The NCAA this spring is rocketing toward allowing student-athletes to earn money using their own names, images and likenesses (NIL). This is being hailed as a revolutionary step forward that will free college student-athletes. At this point, if the NIL horse ain’t out of the barn yet, that horse is at least three-quarters of the way there.
We’re hearing nothing but sunshine and unicorns for what this will mean for student-athletes. Others think this will correct the ills in college sports. But NIL is neither a cure-all for the NCAA’s problems, nor is it a free lunch for athletes.
NIL will not lessen recruiting violations and will not level the playing field. In fact, it will tilt the recruiting advantage wildly to those smart enough to see how it can be manipulated. And it will essentially legalize many of the things that were previously off-limits in recruiting.
While overall there are some potentially positive things happening, there are still some big buts out there.
Amid the potential opportunities that will benefit student-athletes, there will come a cost. But no one is talking about the potential downside. Here are some things that both schools and student-athletes should understand.
1. Professionalism and Legalized Gambling: This new course for student-athletes puts them into a seemingly “professional” status to fans and alumni of their schools. Also, with the rise of legalized gambling there will be more people wagering more money on college sports than ever before.
The nastiest comments generally come from the guy who lost $1,000 because you missed a field goal that kept your team from covering the spread. Forget wins and losses; it is about the spread. Winning by seven when you were favored by nine isn’t enough for some people.
And because monetized players will be viewed as quasi-professional athletes, fans will be far more willing to tee off on those athletes both in the stadium, on message boards and on social media. Athletes better have thick skin if they want to wade into the world of building and monetizing their brand.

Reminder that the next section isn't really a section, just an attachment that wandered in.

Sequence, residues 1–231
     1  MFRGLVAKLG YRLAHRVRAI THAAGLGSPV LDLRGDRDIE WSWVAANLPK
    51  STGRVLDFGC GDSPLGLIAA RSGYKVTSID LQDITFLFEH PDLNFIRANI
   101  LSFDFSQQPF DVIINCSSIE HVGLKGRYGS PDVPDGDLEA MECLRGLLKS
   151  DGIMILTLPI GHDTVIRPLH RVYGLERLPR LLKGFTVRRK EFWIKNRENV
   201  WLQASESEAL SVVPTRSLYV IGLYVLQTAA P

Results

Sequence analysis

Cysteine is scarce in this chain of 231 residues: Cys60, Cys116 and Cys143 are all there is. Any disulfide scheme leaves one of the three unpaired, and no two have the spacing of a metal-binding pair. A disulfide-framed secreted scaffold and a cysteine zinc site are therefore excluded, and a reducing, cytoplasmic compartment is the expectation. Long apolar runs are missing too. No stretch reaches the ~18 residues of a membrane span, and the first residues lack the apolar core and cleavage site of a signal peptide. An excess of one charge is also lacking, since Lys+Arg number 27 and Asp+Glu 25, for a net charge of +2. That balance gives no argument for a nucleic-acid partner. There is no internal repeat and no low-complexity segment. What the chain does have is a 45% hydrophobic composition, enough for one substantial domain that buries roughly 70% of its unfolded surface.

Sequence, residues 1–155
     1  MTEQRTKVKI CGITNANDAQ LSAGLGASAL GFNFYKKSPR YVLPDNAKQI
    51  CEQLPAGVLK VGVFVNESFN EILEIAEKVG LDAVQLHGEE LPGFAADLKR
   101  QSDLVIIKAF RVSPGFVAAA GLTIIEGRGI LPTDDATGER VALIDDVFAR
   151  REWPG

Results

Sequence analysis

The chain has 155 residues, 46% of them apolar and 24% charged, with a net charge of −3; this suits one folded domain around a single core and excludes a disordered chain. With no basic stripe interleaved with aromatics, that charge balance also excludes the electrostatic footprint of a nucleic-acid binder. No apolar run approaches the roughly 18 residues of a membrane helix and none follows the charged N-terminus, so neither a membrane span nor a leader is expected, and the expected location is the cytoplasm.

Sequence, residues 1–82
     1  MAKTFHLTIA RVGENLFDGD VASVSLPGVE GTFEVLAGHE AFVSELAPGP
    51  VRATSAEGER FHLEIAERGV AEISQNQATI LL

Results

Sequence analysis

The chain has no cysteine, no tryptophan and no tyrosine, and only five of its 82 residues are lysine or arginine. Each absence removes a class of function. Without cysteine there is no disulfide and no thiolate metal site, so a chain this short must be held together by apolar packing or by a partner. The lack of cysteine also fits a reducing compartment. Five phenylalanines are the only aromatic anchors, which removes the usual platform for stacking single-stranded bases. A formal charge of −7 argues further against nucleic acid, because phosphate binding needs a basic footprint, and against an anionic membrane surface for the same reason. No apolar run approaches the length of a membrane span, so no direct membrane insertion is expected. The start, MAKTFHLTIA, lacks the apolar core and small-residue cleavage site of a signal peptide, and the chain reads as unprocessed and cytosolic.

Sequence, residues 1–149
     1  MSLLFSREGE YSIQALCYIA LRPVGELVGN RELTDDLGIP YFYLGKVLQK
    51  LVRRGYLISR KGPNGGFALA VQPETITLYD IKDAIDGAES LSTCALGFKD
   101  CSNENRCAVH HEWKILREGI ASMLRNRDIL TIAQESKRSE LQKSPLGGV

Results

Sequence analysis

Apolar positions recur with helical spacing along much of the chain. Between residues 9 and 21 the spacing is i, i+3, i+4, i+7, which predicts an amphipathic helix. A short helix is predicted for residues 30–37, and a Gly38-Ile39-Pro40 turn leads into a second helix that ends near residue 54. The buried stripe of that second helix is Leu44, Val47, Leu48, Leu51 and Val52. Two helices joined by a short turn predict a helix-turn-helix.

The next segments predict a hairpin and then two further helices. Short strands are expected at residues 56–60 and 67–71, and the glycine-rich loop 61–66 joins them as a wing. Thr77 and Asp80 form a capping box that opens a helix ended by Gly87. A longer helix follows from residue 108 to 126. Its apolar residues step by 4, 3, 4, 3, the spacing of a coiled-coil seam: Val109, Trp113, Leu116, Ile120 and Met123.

2. Nasty Comments Part II: There will be athletes, both male and female, whose social media presence level may far exceed their playing performance on the field. Some of that may be attributed to their appearance and/or looks.
Athletes landing endorsements to be influencers who put themselves out there should expect comments on their looks, what they’re wearing and derogatory comments about how they play the game.
It’s not right, but it is the cost of doing business in the world where influencing meets performing under pressure in the athletic arena.
The quarterback who does an autograph signing on a Thursday night and then throws three interceptions in a loss on Saturday had better be ready to hear about it even more than they do now. They will certainly make comments about your commitment to the team. For example: “Maybe if you hadn’t spent all that time signing autographs, you’d have done a better job reading the G**d*** defense.”
3. Mental Health: Do not underestimate the toll all of this may take on an athlete’s mental health. They will be adding pressure to manage their business side. There will be time demands placed on the already hectic schedule of performing in the classroom and in a sport.
On top of that, the fan pressure will mount. There was always a wall most fans respected, the belief that college athletes were amateurs, were 18-22 year old kids just trying their best to play a sport. But once an athlete becomes an entrepreneur making money playing a sport, the last vestiges of that decorum will slip away.
Anyone can put themselves out there on social media to monetize their brand using their NIL. But the hard lesson is there is always a toll somewhere on life’s road. So athletes who put themselves out there will feel increased pressure, time demands and exposure to potentially blistering criticism.
But not everyone will be able to handle that and as such there will be young men and women who will struggle with the blowback. Mental health awareness will be critical for many athletes.
4. Know Your Partners: Offers for many athletes will materialize at a rapid pace, many promising pie in the sky. But any time money shows up, so do leeches and disreputable people looking to cash in on an athlete’s fame. Potential partners should be scrutinized. Many of these people are smart and shrewd and are looking to use young college athletes who may not be business savvy or may be simply too trusting and naive. The potential pitfalls are numerous.
As we step into this new future of college athletics, schools are racing to adjust. They are racing to set their athletes up with branding experts. But are they being every bit as vigilant in preparing them for the risks and potential downside of this new world?
Most schools have fallen far short in protecting their student-athletes. And that failure could have very real long-lasting consequences for well-intentioned young women and men.